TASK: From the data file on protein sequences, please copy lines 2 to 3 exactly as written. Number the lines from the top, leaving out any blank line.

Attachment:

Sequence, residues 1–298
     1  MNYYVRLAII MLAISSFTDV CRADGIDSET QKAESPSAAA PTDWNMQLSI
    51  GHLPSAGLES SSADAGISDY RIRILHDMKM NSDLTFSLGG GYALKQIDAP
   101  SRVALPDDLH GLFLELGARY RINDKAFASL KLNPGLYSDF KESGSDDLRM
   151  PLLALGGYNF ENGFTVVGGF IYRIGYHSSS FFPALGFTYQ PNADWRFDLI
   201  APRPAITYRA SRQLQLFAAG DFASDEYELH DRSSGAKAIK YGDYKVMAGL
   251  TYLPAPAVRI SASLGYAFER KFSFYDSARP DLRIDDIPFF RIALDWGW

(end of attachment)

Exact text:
     1  MNYYVRLAII MLAISSFTDV CRADGIDSET QKAESPSAAA PTDWNMQLSI
    51  GHLPSAGLES SSADAGISDY RIRILHDMKM NSDLTFSLGG GYALKQIDAP